The soldiers long to mock Jesus. They mock His claims of being a King by throwing a robe across His shoulders and placing a stick in His hand for a sceptre. But they are still missing the all-important crown that will complete the image. Branches covered in thorns are weaved into the shape of a crown and this is pressed into His scalp. The scalp is one of the most vascular areas of the body, so more bleeding occurs.

Jesus endures more mocking, has His robe ripped from Him, the thorns are driven deeper into His scalp, and His wounds are opened again and continue to bleed due to the carelessness of the soldiers. The Cross is tied across His shoulders, and the procession to the site of crucifixion begins.

He stumbles and falls. The rough wood gouges into His skin. Simon of Cyrene is ordered to take the Cross, because Jesus can no longer walk upright.  Jesus is still bleeding and is in severe shock. They walk 650 yards to Golgotha.  A heavy, square, wrought iron nail is driven through the wrist and deep into the wood. The left foot is now pressed backward against the right foot, and a nail is driven into them. Jesus is now crucified.

The weight of His own body causes Jesus to slowly sink down the Cross. Excruciating pain ensues; the nails are causing unbelievable agony because they are putting pressure on His nerves. The nails tear through His feet, His body is cramping, and He can no longer push Himself up to relieve the pressure. Air can now be drawn into the lungs, but it cannot be exhaled. Carbon dioxide builds up in His lungs and the cramps subside for a moment; Jesus can draw in oxygen. This is when He would have uttered His last words:

“Father, forgive them for they know not what they do.”
To the thief beside Him, “Today thou shalt be with me in Paradise.”
To the terrified, grief stricken John, Jesus’ beloved apostle, “Behold thy mother.” Then, looking to His mother Mary, “Woman behold thy son.”
The fourth cry, “My God, my God, why has thou forsaken me?” Jesus is feeling the true weight of being separated from God on our behalf.

His heart begins to be compressed, causing a terrible crushing agony. Tissue fluids have reached a critical level. His heart is struggling to beat. His tortured lungs are frantically trying to gasp in small gulps of air.

He cries out, “It is finished.”
He utters His final cry, “Father! Into thy hands I commit my spirit.”

To ensure the victims were dead, the soldiers would break the victims’ leg bones, preventing them from pushing themselves upward to relieve the tension. Not being able to relieve the pressure would have cause rapid suffocation. The legs of the two thieves were broken, but when the soldiers came to Jesus they saw that this was unnecessary. Jesus was dead.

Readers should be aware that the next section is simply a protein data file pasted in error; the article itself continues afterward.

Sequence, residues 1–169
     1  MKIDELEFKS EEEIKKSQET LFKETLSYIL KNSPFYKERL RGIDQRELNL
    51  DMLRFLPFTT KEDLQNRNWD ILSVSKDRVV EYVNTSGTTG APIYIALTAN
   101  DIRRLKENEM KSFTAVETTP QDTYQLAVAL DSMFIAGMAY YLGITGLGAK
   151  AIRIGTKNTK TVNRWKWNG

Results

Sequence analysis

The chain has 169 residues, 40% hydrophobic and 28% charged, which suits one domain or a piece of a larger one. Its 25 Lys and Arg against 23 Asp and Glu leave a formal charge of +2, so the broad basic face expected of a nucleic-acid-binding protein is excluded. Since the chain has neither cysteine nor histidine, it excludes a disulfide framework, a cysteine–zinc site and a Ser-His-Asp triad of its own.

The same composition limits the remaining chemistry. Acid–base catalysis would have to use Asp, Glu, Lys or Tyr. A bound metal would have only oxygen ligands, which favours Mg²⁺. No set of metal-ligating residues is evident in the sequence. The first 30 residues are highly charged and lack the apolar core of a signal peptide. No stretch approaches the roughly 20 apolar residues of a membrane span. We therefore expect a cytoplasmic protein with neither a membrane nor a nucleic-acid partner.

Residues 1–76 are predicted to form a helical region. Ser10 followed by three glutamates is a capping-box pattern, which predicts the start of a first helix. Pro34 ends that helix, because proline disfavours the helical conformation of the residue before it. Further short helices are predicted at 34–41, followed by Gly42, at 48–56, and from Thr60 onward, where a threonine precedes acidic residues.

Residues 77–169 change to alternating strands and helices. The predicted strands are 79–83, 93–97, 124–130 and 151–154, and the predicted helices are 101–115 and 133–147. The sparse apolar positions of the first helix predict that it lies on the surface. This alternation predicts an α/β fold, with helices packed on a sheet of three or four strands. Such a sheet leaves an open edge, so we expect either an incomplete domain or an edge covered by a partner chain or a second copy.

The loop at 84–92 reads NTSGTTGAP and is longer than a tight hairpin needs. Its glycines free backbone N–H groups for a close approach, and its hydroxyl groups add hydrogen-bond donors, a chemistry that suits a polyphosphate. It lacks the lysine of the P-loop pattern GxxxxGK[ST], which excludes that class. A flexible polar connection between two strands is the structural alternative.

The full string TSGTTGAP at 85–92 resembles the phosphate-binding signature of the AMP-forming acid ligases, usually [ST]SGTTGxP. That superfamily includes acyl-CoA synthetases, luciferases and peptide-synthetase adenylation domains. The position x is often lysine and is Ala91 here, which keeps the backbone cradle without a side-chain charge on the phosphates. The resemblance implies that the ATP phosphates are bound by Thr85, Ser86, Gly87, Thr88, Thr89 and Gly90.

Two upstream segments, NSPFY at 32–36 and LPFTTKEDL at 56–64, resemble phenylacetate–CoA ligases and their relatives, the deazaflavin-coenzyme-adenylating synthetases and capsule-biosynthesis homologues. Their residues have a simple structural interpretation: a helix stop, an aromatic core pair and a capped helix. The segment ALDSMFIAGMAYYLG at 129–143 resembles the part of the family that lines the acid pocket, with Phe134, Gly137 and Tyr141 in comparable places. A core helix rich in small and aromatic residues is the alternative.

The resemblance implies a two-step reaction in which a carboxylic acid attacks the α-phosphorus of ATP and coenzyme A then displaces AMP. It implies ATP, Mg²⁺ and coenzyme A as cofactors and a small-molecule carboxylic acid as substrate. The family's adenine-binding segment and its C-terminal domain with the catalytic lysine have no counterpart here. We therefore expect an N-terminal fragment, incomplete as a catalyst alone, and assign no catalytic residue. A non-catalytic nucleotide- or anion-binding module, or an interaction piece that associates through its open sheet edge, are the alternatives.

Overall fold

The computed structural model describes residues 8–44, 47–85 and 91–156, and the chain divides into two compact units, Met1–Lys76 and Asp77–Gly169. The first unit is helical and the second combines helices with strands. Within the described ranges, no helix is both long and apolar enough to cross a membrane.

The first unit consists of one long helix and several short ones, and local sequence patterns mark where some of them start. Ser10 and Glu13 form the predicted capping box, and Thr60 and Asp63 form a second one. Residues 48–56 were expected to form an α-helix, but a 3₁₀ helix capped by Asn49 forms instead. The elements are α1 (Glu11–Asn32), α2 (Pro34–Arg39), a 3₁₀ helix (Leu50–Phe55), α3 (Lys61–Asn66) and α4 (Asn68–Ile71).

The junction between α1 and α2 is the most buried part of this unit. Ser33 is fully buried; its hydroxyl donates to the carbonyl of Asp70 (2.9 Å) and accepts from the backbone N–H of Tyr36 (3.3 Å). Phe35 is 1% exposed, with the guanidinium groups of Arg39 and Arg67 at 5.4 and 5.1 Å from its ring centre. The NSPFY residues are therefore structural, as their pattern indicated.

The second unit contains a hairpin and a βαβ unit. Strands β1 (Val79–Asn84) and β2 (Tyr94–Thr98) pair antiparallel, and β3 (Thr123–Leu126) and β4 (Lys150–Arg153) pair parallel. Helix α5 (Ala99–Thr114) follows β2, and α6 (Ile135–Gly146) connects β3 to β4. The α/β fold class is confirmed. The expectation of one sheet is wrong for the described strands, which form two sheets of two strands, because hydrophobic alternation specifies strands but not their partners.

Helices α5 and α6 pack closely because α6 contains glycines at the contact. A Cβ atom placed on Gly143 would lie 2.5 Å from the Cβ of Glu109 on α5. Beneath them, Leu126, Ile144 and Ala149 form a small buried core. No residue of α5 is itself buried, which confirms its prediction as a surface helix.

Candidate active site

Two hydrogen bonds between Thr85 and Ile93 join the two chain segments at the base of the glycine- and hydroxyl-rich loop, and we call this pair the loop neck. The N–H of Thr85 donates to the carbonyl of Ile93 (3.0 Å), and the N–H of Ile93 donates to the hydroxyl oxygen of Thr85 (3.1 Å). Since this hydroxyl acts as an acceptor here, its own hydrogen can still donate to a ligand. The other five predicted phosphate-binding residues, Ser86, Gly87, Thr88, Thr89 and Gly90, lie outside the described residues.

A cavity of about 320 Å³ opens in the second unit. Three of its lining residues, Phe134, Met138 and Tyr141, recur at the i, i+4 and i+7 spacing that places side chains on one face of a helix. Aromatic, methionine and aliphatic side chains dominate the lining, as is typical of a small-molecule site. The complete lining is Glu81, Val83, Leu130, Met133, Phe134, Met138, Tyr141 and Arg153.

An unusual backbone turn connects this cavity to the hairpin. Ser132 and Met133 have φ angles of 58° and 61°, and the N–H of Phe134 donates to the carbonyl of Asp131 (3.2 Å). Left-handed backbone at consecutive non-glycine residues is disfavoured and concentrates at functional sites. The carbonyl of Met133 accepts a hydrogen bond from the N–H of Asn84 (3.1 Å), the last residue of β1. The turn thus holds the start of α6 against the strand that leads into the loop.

To be even more certain of death, a lance was put through the ribs, upward through the pericardium and into the heart. John 34:19 says, “And immediately there came out blood and water.” We now know that this meant Jesus died not by suffocation, but of heart failure (a broken heart) due to shock and constriction.

Jesus endured horrendous, agonizing, torturous amounts of pain. Yet at any point, He could have stopped. He had the power to call on His Father and put an end to the pain. He had the authority and ability to kill all of His persecutors in an instant, yet He chose not to. He knew that the Crucifixion had to happen. It wasn’t the nails on the Cross that kept Jesus there - it was His love for you.

Just as one person did it wrong and got us in all this trouble with sin and death, another person did it right and got us out of it. But more than just getting us out of trouble, he got us into life! One man said no to God and put many people in the wrong; one man said yes to God and put many in the right.

(Romans 5:19 MSG)

 

 

Alice is 18 and from England. She gave her life to Jesus about 5 years ago, and was baptized in July 2015. She feels that she is called to creative evangelism after receiving many prophecies from various people. She's a keen musician, photographer, writer, and speaker, and she hopes to involve all of these passions when sharing the love of Jesus to the world. She looks forward to moving to a city to attend university, engrossing herself in youth culture and wider communities.